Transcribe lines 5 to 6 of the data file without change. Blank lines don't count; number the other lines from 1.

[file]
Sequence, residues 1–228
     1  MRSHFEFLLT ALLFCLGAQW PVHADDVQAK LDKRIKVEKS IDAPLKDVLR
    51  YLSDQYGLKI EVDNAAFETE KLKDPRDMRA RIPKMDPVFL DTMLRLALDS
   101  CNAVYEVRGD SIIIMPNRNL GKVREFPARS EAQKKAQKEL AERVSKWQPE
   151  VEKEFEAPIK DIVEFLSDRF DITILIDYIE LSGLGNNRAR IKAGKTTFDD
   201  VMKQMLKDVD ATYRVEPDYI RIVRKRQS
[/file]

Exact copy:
   151  VEKEFEAPIK DIVEFLSDRF DITILIDYIE LSGLGNNRAR IKAGKTTFDD
   201  VMKQMLKDVD ATYRVEPDYI RIVRKRQS